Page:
Orono conservationist, advocate of outdoors loses battle with cancer

Posted Nov. 14, 2012, at 6:03 p.m.
Sally Jacobs, who worked on the rails-to-trails project for the Sunrise Trail Coalition for 20 years, was the first to ride her bicycle on the Down East Sunrise Trail at Machias after a formal ribbon cutting. The multi-use trail runs 32 miles from Machias to Pembroke. Jacobs died after a battle with cancer on Monday, Nov. 12, 2012.
Sharon Kiley Mack | BDN
Sally Jacobs, who worked on the rails-to-trails project for the Sunrise Trail Coalition for 20 years, was the first to ride her bicycle on the Down East Sunrise Trail at Machias after a formal ribbon cutting. The multi-use trail runs 32 miles from Machias to Pembroke. Jacobs died after a battle with cancer on Monday, Nov. 12, 2012.

ORONO, Maine — Orono Land Trust founder and conservation and recreation stalwart Sally Jacobs passed away Nov. 12 after a bout with cancer.

Friends and colleagues said Wednesday that Jacobs tirelessly worked to make sure Mainers could enjoy nature and all the opportunities it offers.

Her most recent “dream-come-true” came in 2009, when she pedaled her bicycle down the newly opened Down East Sunrise Trail shouting, “WAHOO!” The avid bicyclist and lover of the outdoors was the founding president of the Sunrise Trail Coalition, 85 miles of trails on a rail-banked corridor running from Ellsworth to Calais.

Jacobs, who moved to Orono in 1963 with her family, taught biochemistry at the University of Maine for 35 years. She was a camp counselor, swim instructor, gardener, paddler and pedaler, according to her obituary, which appeared in Wednesday’s Bangor Daily News.

“She was always an outdoor person,” said friend and Orono Land Trust colleague Jerry Longcore.

In 1975, she began her long, hard-fought efforts to establish biking trails in Maine. She helped procure funding for bike trails connecting Orono, Old Town and the University of Maine in hopes of “getting people up off their duffs and riding to school,” Longcore said.

In 1986, she founded the Orono Land Trust, an organization that went on to acquire and protect nearly 1,000 acres of land, including 300 acres owned by the trust plus nine conservation easements and eight trail easements, according to the trust’s website.

Her love of the outdoors turned her into a solid athlete, both on land and in the water, where she proved to be a strong swimmer. That helped her save the life of a young man from drowning in the Penobscot River in 1987, an act that prompted the Orono police and fire departments to award her for “heroism exhibited in saving a life.”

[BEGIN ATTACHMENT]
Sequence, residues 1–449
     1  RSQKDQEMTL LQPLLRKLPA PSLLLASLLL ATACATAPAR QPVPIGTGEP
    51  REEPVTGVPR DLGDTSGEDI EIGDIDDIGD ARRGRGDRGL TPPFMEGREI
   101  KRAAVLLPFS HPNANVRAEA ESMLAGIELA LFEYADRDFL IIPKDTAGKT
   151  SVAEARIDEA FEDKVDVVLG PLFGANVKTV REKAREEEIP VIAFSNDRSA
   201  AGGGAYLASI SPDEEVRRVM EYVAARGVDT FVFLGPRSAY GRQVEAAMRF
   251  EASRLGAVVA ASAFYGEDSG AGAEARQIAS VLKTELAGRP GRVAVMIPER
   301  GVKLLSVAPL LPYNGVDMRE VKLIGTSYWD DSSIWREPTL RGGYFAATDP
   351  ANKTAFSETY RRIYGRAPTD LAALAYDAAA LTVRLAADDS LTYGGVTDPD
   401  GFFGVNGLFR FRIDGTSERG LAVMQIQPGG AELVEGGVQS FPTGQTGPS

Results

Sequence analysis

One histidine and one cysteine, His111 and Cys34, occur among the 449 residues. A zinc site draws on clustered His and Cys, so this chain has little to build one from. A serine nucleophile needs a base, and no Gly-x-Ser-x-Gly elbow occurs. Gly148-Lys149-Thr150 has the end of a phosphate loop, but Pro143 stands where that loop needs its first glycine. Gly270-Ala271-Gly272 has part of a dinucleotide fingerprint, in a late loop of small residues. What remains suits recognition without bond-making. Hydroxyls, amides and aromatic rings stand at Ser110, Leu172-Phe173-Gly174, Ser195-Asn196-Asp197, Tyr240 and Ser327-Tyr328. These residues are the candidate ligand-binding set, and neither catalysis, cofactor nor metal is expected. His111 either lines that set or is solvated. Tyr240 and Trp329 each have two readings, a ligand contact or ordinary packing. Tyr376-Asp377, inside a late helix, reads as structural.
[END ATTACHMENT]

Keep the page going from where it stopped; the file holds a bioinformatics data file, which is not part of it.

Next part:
Longcore recalled a memory from about a year ago, when Jacobs called him to see if he wanted to go ice skating. Longcore had a lot of work to do, so he was hesitant, but Jacobs was always persuasive. Around that time, Jacobs had learned she had cancer and was preparing to travel to North Carolina for treatment, according to Longcore, who decided to tag along on the skating trip.

“It turned out to be the last skating she ever did,” he said, adding that her smile and passion for the outdoors accomplished a lot.

Jim Hinds, current president of the Orono Land Trust, said Jacobs remained an active member of the board throughout her illness. The organization recognized her in October with a memorial plaque at the Piney Knoll conservation area, a 57-acre parcel along the Penobscot River.

“Right to the end, she was still smiling,” Longcore said.

Friends are invited to a gathering with family from 3 to 5 p.m. Saturday at the Brookings-Smith Orono Chapel at 72 Main St., according to her obituary. A memorial service will be held at 4 p.m. Sunday at the Church of Universal Fellowship, 82 Main St. in Orono. A reception will be held after the service in the church vestry.

Donations in Jacobs’ honor may be made to the Orono Land Trust at www.oronolandtrust.org or New Hope Hospice Memorial Fund at www.newhopehospice.org/donate.

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